Being a WordPress Agency.
Freelancers represent the cream of the WordPress industry. They are better skilled, more experienced, devoted to WordPress and are more creative. By a long way.
WordPress has grown-up using the incredible freelance community that surrounds it – mostly these talented individuals worked at agencies before out-growing the old-tech, old-world agency environment.
You see, a freelancer in any field – whether that’s journalism, code-writing, fighting wars or turning around companies – will only survive by being the very best. If they were only average, they would starve. It’s Darwinism at it’s most basic.
When a freelance coder or designer can earn £50 an hour, full-time staffers are (trapped into?) working for organisations who pay them less than £20 an hour – in return for a guaranteed paycheck at the end of the month. This suits companies that want to drive costs down, but at the price of lower quality, less engaged people.
Freelancers are our best asset; they work at a level of creativity and efficiency that’s nigh on impossible to replicate in the conventional workplace. Believe me, we’ve tried – and that’s why we now exclusively use freelancers to design, build and support digital services and websites.
As freelancers are core to how we work, we treat them well. We give them responsibility, flexibility and power to deliver what our company and clients need. And in return we get some of the very best work they produce and an unusual level of commitment that doesn’t seem to exist in conventional workplaces.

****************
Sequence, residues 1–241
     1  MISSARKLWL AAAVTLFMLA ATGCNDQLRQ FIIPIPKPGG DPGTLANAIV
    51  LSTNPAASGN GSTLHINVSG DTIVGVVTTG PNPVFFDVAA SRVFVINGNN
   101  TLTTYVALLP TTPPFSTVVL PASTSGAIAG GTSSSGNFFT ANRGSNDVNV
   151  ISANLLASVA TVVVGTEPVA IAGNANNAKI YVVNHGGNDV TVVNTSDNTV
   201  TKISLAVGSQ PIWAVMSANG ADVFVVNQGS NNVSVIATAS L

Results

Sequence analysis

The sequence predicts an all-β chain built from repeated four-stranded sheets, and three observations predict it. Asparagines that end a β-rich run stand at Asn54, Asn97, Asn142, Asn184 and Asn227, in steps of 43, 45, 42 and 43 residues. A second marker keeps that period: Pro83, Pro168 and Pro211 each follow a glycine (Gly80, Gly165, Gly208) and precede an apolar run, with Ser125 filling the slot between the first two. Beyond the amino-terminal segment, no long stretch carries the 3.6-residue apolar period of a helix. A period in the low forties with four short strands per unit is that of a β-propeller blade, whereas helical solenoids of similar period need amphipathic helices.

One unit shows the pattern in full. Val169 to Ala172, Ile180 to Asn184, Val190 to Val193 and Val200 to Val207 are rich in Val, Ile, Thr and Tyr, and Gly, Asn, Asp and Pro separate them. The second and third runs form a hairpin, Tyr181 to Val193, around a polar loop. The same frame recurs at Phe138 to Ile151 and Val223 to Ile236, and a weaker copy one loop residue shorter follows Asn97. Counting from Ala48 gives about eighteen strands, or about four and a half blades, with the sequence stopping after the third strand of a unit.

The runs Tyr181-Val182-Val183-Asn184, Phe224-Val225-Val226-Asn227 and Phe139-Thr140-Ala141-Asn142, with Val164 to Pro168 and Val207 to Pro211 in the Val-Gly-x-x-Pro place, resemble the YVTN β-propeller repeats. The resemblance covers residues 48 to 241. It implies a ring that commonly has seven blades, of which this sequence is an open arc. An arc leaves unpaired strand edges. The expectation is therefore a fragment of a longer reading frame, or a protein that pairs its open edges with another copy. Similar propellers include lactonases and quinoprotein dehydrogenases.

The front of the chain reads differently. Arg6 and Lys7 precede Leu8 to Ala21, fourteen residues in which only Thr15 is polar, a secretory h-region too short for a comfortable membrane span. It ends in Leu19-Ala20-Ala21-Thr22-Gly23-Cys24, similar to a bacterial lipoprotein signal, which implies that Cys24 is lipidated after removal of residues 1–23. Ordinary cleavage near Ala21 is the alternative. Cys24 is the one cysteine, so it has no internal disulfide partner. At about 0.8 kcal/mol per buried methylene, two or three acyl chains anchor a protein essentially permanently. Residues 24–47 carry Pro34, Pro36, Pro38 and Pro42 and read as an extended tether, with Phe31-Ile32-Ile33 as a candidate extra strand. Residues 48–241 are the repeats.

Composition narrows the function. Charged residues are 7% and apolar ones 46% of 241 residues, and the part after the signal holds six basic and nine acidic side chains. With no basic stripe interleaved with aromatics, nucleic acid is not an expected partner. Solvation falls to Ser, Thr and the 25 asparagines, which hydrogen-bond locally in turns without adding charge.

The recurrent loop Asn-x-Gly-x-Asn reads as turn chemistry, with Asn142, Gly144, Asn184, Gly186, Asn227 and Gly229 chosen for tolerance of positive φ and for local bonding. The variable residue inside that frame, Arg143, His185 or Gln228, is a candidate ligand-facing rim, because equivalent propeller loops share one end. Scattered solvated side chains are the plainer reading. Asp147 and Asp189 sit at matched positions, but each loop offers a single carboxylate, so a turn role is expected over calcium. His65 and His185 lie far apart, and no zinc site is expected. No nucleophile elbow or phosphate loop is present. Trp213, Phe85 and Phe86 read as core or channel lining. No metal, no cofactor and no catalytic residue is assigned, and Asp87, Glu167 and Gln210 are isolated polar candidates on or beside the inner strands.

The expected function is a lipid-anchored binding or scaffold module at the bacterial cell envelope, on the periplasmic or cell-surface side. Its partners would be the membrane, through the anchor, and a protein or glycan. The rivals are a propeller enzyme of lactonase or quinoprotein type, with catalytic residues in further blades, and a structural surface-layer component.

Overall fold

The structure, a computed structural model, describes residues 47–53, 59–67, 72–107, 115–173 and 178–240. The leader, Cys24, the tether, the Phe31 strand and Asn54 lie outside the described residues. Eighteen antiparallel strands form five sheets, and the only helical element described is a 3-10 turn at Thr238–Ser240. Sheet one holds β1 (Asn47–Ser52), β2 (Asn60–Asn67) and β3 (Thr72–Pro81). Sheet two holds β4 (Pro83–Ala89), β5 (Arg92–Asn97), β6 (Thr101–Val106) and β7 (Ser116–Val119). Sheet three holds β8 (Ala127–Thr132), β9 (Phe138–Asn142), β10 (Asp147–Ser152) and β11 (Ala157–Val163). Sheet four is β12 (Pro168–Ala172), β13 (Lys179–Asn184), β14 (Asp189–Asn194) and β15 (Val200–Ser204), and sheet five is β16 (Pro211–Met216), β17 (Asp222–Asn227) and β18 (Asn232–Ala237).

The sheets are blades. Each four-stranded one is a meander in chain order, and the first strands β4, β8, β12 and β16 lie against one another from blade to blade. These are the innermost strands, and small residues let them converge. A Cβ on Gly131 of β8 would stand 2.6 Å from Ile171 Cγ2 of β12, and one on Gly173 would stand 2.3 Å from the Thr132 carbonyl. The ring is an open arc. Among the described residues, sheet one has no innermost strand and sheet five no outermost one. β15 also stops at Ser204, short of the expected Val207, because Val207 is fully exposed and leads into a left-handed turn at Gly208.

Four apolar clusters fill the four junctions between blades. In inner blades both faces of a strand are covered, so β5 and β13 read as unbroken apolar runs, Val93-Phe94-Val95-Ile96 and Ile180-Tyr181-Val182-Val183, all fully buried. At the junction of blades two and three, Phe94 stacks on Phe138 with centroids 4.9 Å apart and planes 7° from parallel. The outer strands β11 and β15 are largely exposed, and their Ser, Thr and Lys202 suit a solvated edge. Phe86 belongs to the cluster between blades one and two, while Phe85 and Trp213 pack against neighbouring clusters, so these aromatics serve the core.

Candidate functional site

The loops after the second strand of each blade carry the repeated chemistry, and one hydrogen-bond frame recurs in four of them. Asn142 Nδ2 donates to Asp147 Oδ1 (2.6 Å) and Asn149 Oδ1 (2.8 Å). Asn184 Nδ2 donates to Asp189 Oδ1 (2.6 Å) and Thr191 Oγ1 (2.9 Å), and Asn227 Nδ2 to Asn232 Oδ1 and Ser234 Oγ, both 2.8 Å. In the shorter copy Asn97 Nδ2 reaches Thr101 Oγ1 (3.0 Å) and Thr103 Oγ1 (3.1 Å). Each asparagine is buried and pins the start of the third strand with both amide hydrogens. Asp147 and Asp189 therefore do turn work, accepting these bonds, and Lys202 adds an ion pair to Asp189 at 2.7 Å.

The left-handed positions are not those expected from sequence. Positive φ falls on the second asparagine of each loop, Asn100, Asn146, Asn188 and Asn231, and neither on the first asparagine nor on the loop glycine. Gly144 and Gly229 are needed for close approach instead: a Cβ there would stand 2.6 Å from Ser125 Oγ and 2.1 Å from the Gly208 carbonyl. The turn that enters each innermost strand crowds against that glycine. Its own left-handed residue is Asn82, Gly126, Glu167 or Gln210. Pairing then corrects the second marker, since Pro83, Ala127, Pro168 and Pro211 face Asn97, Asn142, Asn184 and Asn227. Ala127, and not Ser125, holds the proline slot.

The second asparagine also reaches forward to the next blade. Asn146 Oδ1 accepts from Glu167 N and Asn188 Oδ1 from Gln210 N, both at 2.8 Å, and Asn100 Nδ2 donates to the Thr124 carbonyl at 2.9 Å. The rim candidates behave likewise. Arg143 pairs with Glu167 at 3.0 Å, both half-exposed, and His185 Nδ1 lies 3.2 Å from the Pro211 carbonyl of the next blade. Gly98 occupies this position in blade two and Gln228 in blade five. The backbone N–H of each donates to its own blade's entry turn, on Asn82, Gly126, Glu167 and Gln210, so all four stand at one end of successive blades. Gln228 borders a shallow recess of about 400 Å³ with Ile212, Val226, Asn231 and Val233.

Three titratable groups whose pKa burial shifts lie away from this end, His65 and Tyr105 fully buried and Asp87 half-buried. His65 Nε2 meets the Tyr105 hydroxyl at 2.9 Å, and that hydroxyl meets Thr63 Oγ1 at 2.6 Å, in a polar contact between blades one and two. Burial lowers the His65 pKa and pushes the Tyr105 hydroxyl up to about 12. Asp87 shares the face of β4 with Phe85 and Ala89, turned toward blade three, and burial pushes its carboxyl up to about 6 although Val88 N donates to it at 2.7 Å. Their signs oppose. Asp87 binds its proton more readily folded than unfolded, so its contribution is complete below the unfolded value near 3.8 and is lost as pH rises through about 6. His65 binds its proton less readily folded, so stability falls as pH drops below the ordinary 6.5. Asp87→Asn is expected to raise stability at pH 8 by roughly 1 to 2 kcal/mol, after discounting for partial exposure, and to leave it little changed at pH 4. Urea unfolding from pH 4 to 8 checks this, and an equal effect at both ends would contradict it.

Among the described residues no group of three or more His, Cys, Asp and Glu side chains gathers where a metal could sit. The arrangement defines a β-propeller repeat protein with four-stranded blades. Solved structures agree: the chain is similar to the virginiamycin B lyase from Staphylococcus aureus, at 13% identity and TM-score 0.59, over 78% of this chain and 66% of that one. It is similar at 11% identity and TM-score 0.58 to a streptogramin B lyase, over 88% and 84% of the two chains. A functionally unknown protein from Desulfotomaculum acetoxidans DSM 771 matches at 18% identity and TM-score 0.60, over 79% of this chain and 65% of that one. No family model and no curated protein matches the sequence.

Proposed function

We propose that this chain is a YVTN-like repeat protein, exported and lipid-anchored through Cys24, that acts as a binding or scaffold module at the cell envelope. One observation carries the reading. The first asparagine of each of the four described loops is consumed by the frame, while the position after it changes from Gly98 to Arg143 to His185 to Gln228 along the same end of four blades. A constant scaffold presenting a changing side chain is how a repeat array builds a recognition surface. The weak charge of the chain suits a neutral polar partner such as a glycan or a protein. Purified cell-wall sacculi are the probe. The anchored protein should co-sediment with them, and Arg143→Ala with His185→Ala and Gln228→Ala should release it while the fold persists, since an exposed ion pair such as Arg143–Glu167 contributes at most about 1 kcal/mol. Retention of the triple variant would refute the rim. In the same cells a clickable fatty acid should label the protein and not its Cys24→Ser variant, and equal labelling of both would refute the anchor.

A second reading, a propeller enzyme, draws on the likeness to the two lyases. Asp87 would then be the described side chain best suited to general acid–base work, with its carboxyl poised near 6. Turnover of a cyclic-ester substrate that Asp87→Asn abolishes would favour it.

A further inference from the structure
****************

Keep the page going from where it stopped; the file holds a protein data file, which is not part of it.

We know not all companies treat freelancers anywhere near as well, horror stories abound in the freelance space about very late payment of invoices, canceling work and even blunt refusal to pay. Despite the government laying down guidelines that say invoices must be settled in 30 days, presently three quarters of freelancers have trouble getting paid by their clients and, on average, each unpaid freelancers is owed over £3,000 in back income.
The problem seems to stem from an “I’m bigger than you” attitude employed by many companies. Often, agencies feel that they own the freelancer and, therefore, can do as they please – frequently holding the freelancer hostage via payment terms.
We think this is grossly wrong, and we aim to settle freelancer invoices in 7 working days. In fact, in 2015 the average wait from invoice approval to cleared funds is five working days. So, if you are a world-class freelancer then come and work with Connected – and if you’re a client who wants access to first-class talent with a strong moral compass and ethical approach then contact us.